J Med Cases
Journal of Medical Cases, ISSN 1923-4155 print, 1923-4163 online, Open Access
Article copyright, the authors; Journal compilation copyright, J Med Cases and Elmer Press Inc
Journal website http://www.journalmc.org

Case Report

Volume 3, Number 5, October 2012, pages 283-285


Toxoplasmic Lymphadenopathy Presenting as a Palpable Axillary Mass - A Case Report

Gudrun Petersa, c, Catherine M Jonesa, Lynne Brothersb

aRegional Imaging Tasmania, 49 Augusta Road, Lenah Valley 7008 TAS, Australia
bWomen’s Imaging, 18 Main Road, Moonah 7009 TAS, Australia
cCorresponding author: Gudrun Peters, Regional Imaging Tasmania, 49 Augusta Road, Lenah Valley 7008 TAS, Australia

Manuscript accepted for publication May 10, 2012
Short title: Toxoplasmic Lymphadenopathy Presenting
doi: https://doi.org/10.4021/jmc692w

Abstract▴Top 

Usually infection with Toxoplasma gondii is asymptomatic and no treatment is required. Less than 10% of the cases present with clinical symptoms such as lymphadenopathy in the head and neck region, asthenia, fever, cephalea and arthralgia. This case report illustrates an unusual case of Toxoplasmosis presenting as a palpable axillary mass in an otherwise healthy individual.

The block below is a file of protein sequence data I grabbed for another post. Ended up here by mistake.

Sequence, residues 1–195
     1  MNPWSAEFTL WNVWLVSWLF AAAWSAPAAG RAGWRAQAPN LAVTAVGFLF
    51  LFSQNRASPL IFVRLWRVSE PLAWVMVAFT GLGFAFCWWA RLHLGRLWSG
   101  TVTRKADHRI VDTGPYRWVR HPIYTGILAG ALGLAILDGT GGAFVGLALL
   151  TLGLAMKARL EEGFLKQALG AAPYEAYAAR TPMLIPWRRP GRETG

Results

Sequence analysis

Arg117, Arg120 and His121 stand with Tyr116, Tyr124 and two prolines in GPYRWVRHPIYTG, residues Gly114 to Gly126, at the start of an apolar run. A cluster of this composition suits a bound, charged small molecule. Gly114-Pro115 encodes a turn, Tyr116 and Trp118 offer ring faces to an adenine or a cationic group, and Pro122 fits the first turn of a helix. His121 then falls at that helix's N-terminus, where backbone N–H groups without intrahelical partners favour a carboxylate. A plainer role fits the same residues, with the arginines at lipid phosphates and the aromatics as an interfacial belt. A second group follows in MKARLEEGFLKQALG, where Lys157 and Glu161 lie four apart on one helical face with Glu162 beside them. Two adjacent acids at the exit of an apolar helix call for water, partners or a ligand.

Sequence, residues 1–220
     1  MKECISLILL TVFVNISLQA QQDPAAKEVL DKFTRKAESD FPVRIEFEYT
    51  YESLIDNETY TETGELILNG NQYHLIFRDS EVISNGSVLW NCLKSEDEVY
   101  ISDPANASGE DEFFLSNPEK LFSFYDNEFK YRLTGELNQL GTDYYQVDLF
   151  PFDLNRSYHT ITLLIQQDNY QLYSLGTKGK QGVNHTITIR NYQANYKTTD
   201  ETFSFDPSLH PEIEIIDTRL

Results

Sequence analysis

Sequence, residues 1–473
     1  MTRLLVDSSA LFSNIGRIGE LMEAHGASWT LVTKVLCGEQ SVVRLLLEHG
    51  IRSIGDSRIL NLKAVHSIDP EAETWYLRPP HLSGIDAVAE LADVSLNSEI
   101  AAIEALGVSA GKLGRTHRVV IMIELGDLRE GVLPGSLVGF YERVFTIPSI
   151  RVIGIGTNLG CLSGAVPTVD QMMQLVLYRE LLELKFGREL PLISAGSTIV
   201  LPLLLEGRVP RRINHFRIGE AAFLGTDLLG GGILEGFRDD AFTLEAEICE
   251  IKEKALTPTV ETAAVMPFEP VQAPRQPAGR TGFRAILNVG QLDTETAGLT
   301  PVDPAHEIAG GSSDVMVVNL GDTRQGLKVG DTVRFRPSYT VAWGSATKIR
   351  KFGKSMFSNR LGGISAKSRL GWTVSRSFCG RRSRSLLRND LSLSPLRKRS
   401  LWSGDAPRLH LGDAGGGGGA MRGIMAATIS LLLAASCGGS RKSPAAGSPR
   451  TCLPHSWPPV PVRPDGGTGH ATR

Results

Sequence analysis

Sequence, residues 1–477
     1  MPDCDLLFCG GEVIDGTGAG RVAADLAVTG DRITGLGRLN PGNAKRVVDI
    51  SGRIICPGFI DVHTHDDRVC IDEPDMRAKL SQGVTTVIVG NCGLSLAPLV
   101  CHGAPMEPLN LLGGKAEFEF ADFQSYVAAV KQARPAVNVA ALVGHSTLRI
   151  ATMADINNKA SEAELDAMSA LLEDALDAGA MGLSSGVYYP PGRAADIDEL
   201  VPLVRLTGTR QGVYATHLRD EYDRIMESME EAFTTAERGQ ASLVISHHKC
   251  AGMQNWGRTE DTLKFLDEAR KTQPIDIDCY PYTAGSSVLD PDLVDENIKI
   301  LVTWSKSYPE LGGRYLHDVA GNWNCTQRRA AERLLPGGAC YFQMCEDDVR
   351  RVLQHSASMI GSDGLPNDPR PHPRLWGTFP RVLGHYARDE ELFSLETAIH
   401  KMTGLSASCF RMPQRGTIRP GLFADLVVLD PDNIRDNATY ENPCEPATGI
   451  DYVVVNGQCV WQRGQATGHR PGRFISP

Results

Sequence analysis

Keywords: Axillary adenopathy; Toxoplasmosis

Introduction▴Top 

Infection with Toxoplasma gondii is usually asymptomatic in an immunocompetent host and no specific treatment is required. Less than 10% of infected subjects present with clinical symptoms [1]. Toxoplasmic lymphadenitis most commonly involves lymph nodes in the head and neck region [1, 2]. Leading clinical symptoms are non-specific and include asthenia, fever, cephalea and arthralgia [1]. Clinically significant extranodal disease is uncommon in immunocompetent individuals but myocarditis, pericarditis, myositis, pneumonitis, chorioretinitis and encephalitis can occur [2].

We present an unusual case of toxoplasmosis presenting as unilateral swelling of the axillary tail in an otherwise healthy individual.

Case Report▴Top 

A 47 year old woman presented to her general practitioner with a palpable right axillary mass. The patient also complained of mild tenderness over the mass. She had no history of malignancy, systemic disease or known recent viral illness. A previous mammogram from 6 months prior was normal.

Ultrasound of both axillae was performed. The left axilla was normal. The right axilla showed two significantly enlarged nodes, measuring 25 x 16 mm and 24 x 17 mm. These nodes demonstrated asymmetrical cortical thickening with hyper vascularity and generalised hypoechoicity (Fig. 1-4).

Figure 1.
Click for large image
Figure 1. Ultrasound image of the right axilla showing enlarged lymph nodes with generalised hypoechoicity.

Figure 2.
Click for large image
Figure 2. Ultrasound image of the right axilla showing enlarged lymph nodes with generalised hypoechoicity.

Figure 3.
Click for large image
Figure 3. Enlarged axillary lymph nodes demonstrating hypervascularity on color Doppler flow investigation.

Figure 4.
Click for large image
Figure 4. Enlarged axillary lymph nodes demonstrating hypervascularity on color Doppler flow investigation.